So I got to go to a great Dodgers game on Saturday against the Angels. It was a day game, a hot mostly clear day, a sell out crowd, and most importantly, Kirk Gibson Bobble Head Doll day. It was a close game, not too action packed, but it all came down to the bottom of the ninth, score tied at 1. The bases were loaded with no outs, and it looked good. The Angeles pulled their center fielder in to play in the infield. They managed to get one force out at home, but the next batter was Mark Grudzielanek and he drove a fly ball over the head of the right fielder (who was playing very far in so as to be able to throw out a runner at home base) and won the game. Altogether a satisfying outing.

This picture of Jupiter was taken through a webcam

Check out this animation and this cool site about a guy who takes pictures of space with a telescope and a webcam. Check out this picture of the International Space Station:

Want to know more about varnish? I did too.

File under Brass Pajamas:
I'm on a huge Ray Charles kick, as in that's all I've listened to for the last two weeks. Then I go to his website and find out that I can book the Ray Charles trio for my coorporate event. Tempting. Another great thing about him is his autobiography.

File under Western Mystery:
Ever read Emily Dickinson's poems? She's real good. Molli just read me this one:

This is the land the sunset washes,
These are the banks of the Yellow Sea;
Where it rose, or whither it rushes,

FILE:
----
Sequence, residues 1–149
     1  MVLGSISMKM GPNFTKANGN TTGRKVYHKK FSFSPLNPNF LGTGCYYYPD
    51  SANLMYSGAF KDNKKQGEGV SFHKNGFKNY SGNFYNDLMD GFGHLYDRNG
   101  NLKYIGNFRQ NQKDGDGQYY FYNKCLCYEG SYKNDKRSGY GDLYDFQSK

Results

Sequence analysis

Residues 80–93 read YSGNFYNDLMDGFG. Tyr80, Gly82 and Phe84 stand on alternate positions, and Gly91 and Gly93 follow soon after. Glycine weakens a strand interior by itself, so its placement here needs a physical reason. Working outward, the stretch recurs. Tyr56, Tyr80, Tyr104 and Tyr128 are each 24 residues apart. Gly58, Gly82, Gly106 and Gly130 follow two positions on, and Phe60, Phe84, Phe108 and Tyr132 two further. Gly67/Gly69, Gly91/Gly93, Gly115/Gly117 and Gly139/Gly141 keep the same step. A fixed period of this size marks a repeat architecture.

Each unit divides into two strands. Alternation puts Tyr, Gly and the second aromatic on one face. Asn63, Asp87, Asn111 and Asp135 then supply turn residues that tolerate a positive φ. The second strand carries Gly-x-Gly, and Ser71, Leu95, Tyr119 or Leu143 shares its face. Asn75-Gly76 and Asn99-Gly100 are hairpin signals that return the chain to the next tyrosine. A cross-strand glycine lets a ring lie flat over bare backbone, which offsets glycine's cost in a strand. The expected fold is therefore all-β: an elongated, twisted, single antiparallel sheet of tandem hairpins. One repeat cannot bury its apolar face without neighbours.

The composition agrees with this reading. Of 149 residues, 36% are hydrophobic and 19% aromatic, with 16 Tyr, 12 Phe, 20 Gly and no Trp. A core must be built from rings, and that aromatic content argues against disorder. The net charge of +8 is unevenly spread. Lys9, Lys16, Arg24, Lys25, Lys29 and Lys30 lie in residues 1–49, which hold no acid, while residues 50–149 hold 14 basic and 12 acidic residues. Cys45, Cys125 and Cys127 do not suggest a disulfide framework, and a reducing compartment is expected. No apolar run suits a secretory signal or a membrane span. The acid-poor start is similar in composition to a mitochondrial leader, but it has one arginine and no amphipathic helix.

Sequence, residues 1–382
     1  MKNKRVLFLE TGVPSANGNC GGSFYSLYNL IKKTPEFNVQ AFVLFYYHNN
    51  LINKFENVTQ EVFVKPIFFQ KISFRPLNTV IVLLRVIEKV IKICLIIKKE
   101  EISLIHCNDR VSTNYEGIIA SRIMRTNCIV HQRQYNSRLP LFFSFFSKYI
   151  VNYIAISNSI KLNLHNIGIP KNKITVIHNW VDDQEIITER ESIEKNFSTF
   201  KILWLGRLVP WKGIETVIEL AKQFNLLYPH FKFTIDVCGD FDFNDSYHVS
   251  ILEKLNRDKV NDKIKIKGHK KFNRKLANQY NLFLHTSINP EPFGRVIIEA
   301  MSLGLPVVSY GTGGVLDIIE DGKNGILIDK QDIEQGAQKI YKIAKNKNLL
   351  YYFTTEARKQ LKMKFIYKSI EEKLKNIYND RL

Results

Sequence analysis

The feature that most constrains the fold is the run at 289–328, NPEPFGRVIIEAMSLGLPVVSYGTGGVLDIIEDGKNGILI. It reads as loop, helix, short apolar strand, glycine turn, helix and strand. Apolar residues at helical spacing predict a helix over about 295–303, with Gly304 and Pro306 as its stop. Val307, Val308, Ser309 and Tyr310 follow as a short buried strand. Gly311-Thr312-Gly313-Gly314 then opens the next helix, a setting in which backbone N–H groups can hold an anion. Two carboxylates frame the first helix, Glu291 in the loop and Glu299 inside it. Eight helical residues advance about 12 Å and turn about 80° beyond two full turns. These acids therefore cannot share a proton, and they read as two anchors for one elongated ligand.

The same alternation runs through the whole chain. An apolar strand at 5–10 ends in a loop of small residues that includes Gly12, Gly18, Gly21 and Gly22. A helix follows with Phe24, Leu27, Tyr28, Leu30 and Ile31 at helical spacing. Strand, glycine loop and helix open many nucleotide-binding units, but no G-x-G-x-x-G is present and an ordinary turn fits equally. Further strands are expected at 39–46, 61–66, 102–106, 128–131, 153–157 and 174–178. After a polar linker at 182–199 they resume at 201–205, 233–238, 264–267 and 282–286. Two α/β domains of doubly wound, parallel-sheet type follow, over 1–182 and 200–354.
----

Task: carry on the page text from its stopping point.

These are the western mystery!

Night after night her purple traffic
Strews the landing with opal bales;
Merchantmen poise upon horizons,
Dip, and vanish with fairy sails.

posted by Greg 3:17 PM

Wednesday, June 06, 2001


I guess I should explain why that Ryder painting bellow is so dark. See, Ryder was an eccentric, as in, he was a recluse and a slob and could never truly finish a painting. There are stories about his apartment being piled 4 feet deep with trash, with paths to the bathroom, his bed, and the easel, which had a hot plate next to it. He would keep his paintings on the easel for years, constantly going over them, then varnishing, then painting more, then varnishing. Friends would have to beg him to sell them one. He would also do strange things like mixing dirt or food in with his paint, or try to make his own pigments out of crushed up flowers or whatever.
What is paint? Paint is simply pigment suspended in a medium. Pigment in it's raw form is colored powder. The medium for oil paint is oil, generally linseed oil. (acryllic paint is just pigment in acrylic, or plastic, that has been formulated to dry relatively quickly. And not turn yellow.)
Why do paintings crack? There is an old rule for oil painting that says you must paint fat onto lean. This means that once you paint one layer, your next layer should contain more oil, or fat, and so on until you are done with the painting. This is because oil takes a long time to dry out, and the more oil the paint has, the longer it will take to dry. Painting crack because the top layer dries before layers underneath it dry. When the deeper layers dry, they shrink a tiny bit, causing the dry shell on top to crack apart. Kind of like brownies or something.